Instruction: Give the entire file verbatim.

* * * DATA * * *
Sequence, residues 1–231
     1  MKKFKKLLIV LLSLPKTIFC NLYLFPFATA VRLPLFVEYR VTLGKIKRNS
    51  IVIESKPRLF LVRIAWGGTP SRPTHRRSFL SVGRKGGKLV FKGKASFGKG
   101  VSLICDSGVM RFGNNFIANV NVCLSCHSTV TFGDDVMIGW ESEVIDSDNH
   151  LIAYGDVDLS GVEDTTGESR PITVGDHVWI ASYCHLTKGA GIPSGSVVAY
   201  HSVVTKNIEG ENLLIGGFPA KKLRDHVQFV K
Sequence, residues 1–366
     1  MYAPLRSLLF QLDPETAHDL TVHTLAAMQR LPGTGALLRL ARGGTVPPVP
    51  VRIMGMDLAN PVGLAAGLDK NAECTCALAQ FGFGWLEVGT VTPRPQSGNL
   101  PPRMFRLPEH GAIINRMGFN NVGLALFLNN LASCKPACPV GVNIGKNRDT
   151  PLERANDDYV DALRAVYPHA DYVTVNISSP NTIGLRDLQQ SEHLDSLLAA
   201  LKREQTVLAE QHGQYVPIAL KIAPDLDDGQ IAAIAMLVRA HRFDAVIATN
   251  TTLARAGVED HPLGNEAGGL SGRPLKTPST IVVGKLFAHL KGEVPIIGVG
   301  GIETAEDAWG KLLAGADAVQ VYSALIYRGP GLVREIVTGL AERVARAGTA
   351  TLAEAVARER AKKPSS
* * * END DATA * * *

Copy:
Sequence, residues 1–231
     1  MKKFKKLLIV LLSLPKTIFC NLYLFPFATA VRLPLFVEYR VTLGKIKRNS
    51  IVIESKPRLF LVRIAWGGTP SRPTHRRSFL SVGRKGGKLV FKGKASFGKG
   101  VSLICDSGVM RFGNNFIANV NVCLSCHSTV TFGDDVMIGW ESEVIDSDNH
   151  LIAYGDVDLS GVEDTTGESR PITVGDHVWI ASYCHLTKGA GIPSGSVVAY
   201  HSVVTKNIEG ENLLIGGFPA KKLRDHVQFV K
Sequence, residues 1–366
     1  MYAPLRSLLF QLDPETAHDL TVHTLAAMQR LPGTGALLRL ARGGTVPPVP
    51  VRIMGMDLAN PVGLAAGLDK NAECTCALAQ FGFGWLEVGT VTPRPQSGNL
   101  PPRMFRLPEH GAIINRMGFN NVGLALFLNN LASCKPACPV GVNIGKNRDT
   151  PLERANDDYV DALRAVYPHA DYVTVNISSP NTIGLRDLQQ SEHLDSLLAA
   201  LKREQTVLAE QHGQYVPIAL KIAPDLDDGQ IAAIAMLVRA HRFDAVIATN
   251  TTLARAGVED HPLGNEAGGL SGRPLKTPST IVVGKLFAHL KGEVPIIGVG
   301  GIETAEDAWG KLLAGADAVQ VYSALIYRGP GLVREIVTGL AERVARAGTA
   351  TLAEAVARER AKKPSS